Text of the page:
OOIIO Architecture is behind the design of Miraflores – Barranco in Lima, Peru. This iconic proposal for a pedestrian bridge between two districts will bridge over the natural gap called Bajada de Armendáriz, which ends just in front of Pacific Ocean. The bridge brings together two distinct realities – on one side is Miraflores, majestic, residential, were you can find important shopping centers that became new urban attraction points in the past few years. It is also the place where you can find most of the touristic hotels. Barranco, on the other side, is the city bohemian district. On the Colonial Epoch it used to be the leisure area, and it keeps its charm. Nowadays there are many museums and cultural live. Walking though its streets you can find several musicians and at night is the fashionable place to go for dinner with friends.
The idea was that two districts both benefit from connection with another. OOIIO proposes a bridge as a landmark, a new city´s symbol, a meeting point, an object that welcomes Lima inhabitants to cross over from one district to the other. Thanks to its special and flashy shape it will encourage tourists walk, promoting urban activities on it.
The bridge can be used as a relaxing place, for lying under the sun, to sit down and see how people walk or the cars pass by, to watch sunsets. It acts as a small size amphitheater, to encourage urban activities on it. This bridge is also a garden, a plaza, a viewpoint, a sculpture, a terrace, a meeting-point, an element to shake the city. It is an opportunity to get a landscape regeneration of this big city void. Read the rest of this entry »
MahaNakhon by Ole Scheeren at OMA is a 77-storey high-rise complex located in Bangkok’s Central Business District. This vertical development of more than 150,000 square meters will be comprised of a landscaped public plaza; a multi-level retail centre with restaurants, cafes, and 24-hour marketplace; 200 serviced apartments operated by the Ritz-Carlton; the Bangkok Edition, a 150 room boutique hotel in collaboration with Marriot International and Ian Schrager; and a rooftop Sky Bar and restaurant. MahaNakhon is the most ambitious complex of contemporary architecture and urbanism in Thailand and the tallest building in Bangkok.
The design of MahaNakhon dismantles the typical tower and podium typology, creating a skyscraper that melds with the city by gradually ‘dissolving’ as it flows downward to meet the ground. A series of cascading indoor/outdoor terraces at the base of the tower accommodates retail and entertainment facilities, evoking the shifting protrusions of a mountain landscape. An adjacent freestanding seven-storey building – the “Cube” with corresponding terraces creates an expansive outdoor atrium – forming a valley and network of social, dining, and leisure spaces that serve the residences and the public. MahaNakhon Square, at the front, is designed as a dynamic public plaza, a spot for planned and spontaneous cultural events, a landscaped retreat for the city’s inhabitants, and a rare venue for cultural and social interaction.
The Tower has been carefully carved to introduce a three-dimensional ribbon of architectural pixels that coil up the tower’s full height to reveal the inner life of the building. This generates a set of specific features – projecting glass sky-boxes with sweeping views and generous indoor/outdoor spaces – uncommon to high-rise living, but well-suited to the tropical climate of Bangkok. The pixels have been designed to maximize unobstructed panoramas and offers rare birds-eye views of the city and Chaophraya River. Residences located in the non-pixelated area of the tower enjoy a parallel innovation: double-height living spaces equipped with multiple bays of full-height bi-fold balcony windows – sections of facade that fold inwards and upwards – transforming living areas into indoor/outdoor environments. Read the rest of this entry »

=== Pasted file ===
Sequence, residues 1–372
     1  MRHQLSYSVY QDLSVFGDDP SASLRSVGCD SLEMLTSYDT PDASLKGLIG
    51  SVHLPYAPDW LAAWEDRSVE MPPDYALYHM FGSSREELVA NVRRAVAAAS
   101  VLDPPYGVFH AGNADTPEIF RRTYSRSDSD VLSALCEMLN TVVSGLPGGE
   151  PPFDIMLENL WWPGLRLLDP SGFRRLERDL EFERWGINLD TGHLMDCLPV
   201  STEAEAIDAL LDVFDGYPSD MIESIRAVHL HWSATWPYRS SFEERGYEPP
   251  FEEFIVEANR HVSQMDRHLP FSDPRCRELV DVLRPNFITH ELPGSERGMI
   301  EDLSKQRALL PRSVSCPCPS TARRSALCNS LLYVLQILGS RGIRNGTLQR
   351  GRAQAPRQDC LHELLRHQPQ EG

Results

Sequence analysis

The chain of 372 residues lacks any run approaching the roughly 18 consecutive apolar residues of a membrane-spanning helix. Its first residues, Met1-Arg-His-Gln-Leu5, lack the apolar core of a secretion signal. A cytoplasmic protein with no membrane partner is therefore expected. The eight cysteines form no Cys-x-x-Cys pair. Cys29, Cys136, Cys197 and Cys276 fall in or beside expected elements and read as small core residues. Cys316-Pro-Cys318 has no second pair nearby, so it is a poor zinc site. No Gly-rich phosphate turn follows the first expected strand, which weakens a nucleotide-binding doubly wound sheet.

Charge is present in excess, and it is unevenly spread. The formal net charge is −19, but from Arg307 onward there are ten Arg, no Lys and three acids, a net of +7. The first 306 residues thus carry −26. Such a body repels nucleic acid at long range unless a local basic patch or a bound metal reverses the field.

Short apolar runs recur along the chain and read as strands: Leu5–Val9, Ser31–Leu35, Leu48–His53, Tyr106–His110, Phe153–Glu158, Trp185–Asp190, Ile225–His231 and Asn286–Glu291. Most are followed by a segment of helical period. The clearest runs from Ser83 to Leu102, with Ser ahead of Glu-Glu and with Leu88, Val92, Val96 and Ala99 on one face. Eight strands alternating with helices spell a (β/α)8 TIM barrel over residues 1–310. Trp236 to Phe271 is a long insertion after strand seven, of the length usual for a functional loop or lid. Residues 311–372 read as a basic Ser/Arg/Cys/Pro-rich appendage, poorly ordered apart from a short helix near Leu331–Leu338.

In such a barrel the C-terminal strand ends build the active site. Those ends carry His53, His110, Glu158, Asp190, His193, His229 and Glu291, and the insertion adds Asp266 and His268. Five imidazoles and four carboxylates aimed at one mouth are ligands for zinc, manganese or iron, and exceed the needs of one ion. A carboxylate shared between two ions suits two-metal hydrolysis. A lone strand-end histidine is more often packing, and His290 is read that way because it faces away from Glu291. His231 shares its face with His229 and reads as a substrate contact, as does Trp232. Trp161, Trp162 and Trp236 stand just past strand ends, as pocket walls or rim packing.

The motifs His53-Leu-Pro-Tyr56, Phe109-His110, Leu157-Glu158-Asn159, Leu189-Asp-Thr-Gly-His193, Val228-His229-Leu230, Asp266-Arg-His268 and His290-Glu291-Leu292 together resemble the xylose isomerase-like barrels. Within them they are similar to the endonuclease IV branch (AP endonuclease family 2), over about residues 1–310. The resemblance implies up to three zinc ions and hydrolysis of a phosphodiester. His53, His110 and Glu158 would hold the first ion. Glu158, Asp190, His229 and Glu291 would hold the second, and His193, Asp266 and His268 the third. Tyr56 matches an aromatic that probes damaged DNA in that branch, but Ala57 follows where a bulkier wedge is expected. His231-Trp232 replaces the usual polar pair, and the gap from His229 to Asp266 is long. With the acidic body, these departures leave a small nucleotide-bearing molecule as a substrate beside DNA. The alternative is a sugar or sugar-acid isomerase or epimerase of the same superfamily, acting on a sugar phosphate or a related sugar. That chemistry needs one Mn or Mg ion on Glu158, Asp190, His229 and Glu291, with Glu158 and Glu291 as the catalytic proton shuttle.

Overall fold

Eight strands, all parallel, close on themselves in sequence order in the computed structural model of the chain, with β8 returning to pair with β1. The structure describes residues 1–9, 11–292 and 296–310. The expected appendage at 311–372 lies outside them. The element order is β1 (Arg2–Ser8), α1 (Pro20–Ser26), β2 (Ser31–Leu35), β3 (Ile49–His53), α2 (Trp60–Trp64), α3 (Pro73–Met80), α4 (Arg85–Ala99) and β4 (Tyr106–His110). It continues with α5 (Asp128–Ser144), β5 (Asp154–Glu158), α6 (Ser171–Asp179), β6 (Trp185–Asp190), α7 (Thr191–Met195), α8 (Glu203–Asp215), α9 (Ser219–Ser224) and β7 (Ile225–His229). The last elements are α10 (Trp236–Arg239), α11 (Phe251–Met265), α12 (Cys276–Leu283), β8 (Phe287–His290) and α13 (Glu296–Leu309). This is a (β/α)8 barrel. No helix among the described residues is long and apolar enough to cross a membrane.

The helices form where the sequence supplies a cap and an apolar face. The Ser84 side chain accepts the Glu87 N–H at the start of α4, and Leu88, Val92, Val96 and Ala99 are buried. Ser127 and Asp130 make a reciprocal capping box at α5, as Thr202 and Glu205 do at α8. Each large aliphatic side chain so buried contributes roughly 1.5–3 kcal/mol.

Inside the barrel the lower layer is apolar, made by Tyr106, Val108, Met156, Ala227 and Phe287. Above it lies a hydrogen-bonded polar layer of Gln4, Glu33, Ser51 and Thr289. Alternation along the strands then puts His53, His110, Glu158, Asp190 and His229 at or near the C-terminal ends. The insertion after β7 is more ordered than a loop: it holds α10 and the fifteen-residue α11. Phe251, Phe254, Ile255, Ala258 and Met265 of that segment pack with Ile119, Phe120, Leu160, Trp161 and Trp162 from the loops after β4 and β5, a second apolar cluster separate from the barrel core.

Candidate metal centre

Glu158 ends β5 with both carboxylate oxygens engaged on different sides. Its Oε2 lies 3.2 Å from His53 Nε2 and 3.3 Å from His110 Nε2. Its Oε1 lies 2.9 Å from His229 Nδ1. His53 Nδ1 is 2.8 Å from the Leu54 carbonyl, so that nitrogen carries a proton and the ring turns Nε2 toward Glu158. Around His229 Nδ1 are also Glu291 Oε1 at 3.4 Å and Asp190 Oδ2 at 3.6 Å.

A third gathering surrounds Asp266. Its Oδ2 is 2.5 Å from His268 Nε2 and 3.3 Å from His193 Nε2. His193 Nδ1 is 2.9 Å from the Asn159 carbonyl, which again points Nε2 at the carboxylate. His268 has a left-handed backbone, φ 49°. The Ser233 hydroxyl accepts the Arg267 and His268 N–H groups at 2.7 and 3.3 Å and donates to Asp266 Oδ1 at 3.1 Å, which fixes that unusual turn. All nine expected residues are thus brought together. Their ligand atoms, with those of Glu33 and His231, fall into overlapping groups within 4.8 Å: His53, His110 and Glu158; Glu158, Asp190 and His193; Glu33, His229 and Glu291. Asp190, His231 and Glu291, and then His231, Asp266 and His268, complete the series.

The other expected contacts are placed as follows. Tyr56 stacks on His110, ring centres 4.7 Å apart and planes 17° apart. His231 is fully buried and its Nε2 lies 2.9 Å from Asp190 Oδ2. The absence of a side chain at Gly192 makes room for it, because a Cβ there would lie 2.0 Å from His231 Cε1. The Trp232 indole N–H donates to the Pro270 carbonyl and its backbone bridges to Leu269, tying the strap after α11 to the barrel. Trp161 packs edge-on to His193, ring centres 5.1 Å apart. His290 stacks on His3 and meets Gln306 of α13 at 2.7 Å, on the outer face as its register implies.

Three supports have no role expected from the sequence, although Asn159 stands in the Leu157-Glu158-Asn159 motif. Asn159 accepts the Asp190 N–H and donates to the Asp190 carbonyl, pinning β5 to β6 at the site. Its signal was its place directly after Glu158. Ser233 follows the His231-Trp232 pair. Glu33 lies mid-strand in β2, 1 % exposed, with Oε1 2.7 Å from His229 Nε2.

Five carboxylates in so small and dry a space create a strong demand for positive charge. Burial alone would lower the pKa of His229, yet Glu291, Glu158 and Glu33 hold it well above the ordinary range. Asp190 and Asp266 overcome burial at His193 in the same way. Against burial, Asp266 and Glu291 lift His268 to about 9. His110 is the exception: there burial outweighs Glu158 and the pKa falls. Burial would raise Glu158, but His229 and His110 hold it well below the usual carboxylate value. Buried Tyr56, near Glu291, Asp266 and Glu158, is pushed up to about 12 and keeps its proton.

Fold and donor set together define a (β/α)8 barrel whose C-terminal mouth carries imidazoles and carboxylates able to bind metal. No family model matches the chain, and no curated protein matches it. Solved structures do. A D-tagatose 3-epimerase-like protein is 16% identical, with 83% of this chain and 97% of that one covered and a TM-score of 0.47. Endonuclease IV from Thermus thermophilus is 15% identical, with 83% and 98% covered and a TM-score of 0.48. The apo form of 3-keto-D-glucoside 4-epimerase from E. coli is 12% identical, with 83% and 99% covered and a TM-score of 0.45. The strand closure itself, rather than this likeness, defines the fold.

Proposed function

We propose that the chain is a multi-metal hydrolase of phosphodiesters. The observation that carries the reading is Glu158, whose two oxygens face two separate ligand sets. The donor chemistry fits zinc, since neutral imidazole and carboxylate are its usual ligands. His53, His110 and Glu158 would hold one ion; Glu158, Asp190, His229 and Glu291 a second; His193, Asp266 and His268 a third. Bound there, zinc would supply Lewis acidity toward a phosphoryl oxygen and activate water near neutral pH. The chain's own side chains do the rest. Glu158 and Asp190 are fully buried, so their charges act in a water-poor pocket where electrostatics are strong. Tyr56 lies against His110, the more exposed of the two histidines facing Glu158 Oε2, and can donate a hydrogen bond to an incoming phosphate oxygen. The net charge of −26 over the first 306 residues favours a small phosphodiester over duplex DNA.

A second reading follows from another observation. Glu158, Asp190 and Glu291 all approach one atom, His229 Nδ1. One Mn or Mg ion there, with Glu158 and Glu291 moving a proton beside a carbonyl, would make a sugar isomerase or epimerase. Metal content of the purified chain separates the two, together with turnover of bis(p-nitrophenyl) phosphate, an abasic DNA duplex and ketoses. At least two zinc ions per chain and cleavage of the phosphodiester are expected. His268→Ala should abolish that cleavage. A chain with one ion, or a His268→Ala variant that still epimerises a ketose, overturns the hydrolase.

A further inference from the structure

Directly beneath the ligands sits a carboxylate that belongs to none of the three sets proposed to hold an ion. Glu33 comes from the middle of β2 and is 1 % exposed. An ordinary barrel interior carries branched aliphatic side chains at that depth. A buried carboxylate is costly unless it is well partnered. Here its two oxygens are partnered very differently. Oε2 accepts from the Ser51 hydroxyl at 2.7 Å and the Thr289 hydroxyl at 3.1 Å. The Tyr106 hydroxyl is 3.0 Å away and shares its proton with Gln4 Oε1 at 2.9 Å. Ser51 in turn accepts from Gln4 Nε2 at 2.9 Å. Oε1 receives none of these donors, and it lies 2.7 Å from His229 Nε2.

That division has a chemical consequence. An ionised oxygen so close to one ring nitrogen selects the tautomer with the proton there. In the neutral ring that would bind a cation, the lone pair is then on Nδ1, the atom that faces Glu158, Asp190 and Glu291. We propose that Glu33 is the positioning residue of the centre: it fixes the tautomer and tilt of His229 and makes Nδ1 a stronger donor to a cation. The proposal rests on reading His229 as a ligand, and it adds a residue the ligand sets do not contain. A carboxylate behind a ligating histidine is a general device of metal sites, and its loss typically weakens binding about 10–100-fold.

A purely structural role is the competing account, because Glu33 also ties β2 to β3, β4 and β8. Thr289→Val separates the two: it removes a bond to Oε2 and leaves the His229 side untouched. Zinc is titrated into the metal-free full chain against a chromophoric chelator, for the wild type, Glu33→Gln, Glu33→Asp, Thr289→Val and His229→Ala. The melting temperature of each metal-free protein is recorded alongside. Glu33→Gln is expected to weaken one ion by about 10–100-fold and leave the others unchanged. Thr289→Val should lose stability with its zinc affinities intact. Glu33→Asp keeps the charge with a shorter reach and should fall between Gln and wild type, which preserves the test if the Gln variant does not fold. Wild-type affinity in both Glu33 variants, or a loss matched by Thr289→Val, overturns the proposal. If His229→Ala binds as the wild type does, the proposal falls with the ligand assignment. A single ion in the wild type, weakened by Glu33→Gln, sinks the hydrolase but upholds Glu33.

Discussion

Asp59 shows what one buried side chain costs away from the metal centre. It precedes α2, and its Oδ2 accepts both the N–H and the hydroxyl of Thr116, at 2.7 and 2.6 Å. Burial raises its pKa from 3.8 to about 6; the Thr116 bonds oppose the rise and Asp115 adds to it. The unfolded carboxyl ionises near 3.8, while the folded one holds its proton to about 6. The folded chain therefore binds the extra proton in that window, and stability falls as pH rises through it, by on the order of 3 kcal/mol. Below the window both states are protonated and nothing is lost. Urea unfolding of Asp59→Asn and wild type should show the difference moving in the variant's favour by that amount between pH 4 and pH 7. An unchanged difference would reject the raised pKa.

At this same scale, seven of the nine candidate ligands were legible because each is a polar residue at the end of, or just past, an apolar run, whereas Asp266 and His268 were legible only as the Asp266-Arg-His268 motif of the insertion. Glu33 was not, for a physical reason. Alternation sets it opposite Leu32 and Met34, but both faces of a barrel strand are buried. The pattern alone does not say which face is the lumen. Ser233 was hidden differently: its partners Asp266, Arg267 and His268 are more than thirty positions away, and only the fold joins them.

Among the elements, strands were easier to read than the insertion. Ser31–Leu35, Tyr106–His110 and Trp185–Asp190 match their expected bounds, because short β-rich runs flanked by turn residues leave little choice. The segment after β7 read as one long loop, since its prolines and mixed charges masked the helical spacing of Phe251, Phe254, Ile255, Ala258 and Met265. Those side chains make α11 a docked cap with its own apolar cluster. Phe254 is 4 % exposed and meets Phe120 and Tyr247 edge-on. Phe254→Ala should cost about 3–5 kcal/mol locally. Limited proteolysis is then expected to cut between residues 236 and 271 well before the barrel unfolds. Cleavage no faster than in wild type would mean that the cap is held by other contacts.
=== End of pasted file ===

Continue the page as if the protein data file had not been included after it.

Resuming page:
The AA Visiting School is a worldwide network of design workshops and other programmes organised by the Architectural Association School of Architecture. The event will take place in Bilbao from July 23rd to August 5th, focusing on new lectures over territorial macro and micro scales.
We have 20 scholarships for our readers interested on this activity, you just need to send us your CV/portfolio and a statement explaining why you would like to participate in this event. For more details read below.
The workshop will explore the question of ‘place’ or ‘topos’ and its radical transformation in the recent years due to the proliferation and availability of environmental parameters. Departing from the notion of ‘computing,’ understood as information processing, strategies of ‘data mining’ and ‘indexing’ will be proposed as sensible readings of the site and the territory.
The breeding of local environmental parameters will generate new forms of architectural agency and expression. Diverse mechanisms will be used to materialize ‘invisible’ information such as environmental and social conditions, users’ preferences, digital information, etc. The capture of ‘local’ data will be done through the use of sensors, site specific simulations and rss feeds which will be used to capture information in the ‘network’. The workshop will provide the students with technical support to use microprocessors and sensing technologies. Each team will be looking at one main environmental parameter, in its broader sense, such as sun light, programmatic densification, urban flux, users’ data collected from urban behavioural patterns, potential energetic consumption/production, etc to synthesize ‘Datascapes’ that will feed into the projects. These ‘Datascapes’ will be built from the following devices, software and strategies. Read the rest of this entry »